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Ellen Kraig, Ph.D.
Professor and Deputy Chair of Faculty Development
Department of Cell Systems and Anatomy
School of Medicine
UT Health Science Center at San Antonio
My interest in immunological research was sparked 4 decades ago by the discovery of immunoglobulin gene rearrangement. At that time, I was a graduate student in Dr. Jim Haber’s lab (Brandeis University) working on another rearranging gene system, yeast mating type, and its regulation of development/sporulation. In order to explore this area further, I attended the Cold Spring Harbor summer Immunology course in 1978 and had the opportunity to meet many leaders in the field, including Dr. Leroy Hood, whose lab I joined as a postdoctoral fellow two years later. While at Caltech, I had the opportunity to expand my knowledge of immunology, with a focus on molecular technologies. By the time I accepted a faculty position at the UTHSCSA, I was intellectually prepared as an immunologist, but was still primarily a molecular biologist. Fortunately, I had wonderful colleagues here (Drs. Tony Infante, Judy Teale, and Keith Krolick) from whom I learned the cellular assays that we now use in concert with molecular approaches. My focus on aging and its effects on immune regulation developed in collaboration with a growing community of researchers in this area on our campus through the Barshop Institute for Longevity and Aging Studies.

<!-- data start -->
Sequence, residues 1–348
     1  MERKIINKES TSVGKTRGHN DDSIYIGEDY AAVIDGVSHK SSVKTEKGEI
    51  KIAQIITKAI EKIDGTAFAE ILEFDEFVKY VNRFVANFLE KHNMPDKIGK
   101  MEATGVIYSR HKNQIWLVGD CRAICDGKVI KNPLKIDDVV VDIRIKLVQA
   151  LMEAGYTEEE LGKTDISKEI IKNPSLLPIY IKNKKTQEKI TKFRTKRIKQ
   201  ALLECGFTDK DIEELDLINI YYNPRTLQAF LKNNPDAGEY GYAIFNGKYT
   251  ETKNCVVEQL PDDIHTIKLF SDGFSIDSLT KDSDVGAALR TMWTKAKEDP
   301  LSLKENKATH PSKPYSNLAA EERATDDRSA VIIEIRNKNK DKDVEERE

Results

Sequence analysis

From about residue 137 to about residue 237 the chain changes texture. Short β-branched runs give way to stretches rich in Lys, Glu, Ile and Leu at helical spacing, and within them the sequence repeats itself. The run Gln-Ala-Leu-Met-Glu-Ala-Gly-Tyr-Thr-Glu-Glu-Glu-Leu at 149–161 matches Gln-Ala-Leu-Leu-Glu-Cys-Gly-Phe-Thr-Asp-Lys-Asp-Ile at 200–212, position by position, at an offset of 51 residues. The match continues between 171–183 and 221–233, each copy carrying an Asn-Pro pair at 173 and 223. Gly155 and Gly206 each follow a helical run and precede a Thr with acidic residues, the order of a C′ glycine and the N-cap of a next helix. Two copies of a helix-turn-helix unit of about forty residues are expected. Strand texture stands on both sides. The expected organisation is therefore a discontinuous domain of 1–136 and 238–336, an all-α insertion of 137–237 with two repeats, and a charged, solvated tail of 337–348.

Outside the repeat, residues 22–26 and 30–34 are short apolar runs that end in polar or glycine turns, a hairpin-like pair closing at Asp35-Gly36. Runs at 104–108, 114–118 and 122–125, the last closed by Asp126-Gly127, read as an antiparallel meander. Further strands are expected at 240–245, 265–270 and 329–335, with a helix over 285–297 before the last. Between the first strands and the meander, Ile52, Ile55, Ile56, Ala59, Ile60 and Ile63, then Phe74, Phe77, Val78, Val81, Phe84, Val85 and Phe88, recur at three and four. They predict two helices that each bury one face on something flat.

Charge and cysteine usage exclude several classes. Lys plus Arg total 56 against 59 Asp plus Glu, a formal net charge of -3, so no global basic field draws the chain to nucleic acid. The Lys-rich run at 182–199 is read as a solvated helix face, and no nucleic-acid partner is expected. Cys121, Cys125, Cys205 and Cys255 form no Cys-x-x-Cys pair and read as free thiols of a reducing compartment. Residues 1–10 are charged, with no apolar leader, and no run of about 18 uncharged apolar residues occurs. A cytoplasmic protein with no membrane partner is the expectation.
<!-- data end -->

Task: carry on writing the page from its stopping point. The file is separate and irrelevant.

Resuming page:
In addition to my research efforts, I serve in leadership positions locally (Deputy Chair of Faculty Development in my department) and nationally as the immediate past AAI (American Association of Immunologists) representative to the FASEB Board. I chaired a committee at the UTHSCSA that developed workshops on “The Art of Communicating Science” and am now involved in addressing this need university-wide. Moreover, I have extensive experience in mentoring graduate students and have been recognized for my contributions to graduate education. These include the following: inaugural member of the Academy of Master Teachers, UTHSCSA (2009), membership in the University of Texas Academy for Health Science Educators (2006); Graduate Dean’s Award for Excellence in Graduate Teaching (2000), and the UTHSCSA Presidential Award for Teaching Excellence (1996). I have graduated 19 students (9 PhD and 10 MS) and all moved into either postdoctoral or medical/dental professional careers. Moreover, two of my recent students, Drs. Earlanda Williams and Adriana Benavides, successfully competed for R36s (NIH Diversity Dissertation Awards) while in my lab. I remain very active in graduate education at our institution and am the Student Advisor for the GGD (Genetics, Genomics, and Development) track and chair the curriculum committee for the CGM (Cell, Genetics, and Molecular Medicine) discipline. I contribute to many of the graduate courses including the basic fundamentals (1st year PhD curriculum), the core courses in the Biology of Aging (BA) and Infection, Inflammation, and Immunology (III) tracks/disciplines, and in the MSCI (Masters of Science in Clinical Investigation) program. In addition I have developed two courses designed to improve students’ oral presentation skills; Graduate Colloquium for PhD students is in its 34th year and Presentation Skills for CSB MS students which is now in its 3rd year. Due to my many contributions to graduate education, Dr. Katherine Knight asked me to serve as an external advisor to her Immunology T32 at Loyola University Stritch School of Medicine and I have also been asked to contribute to the PREP program on our campus.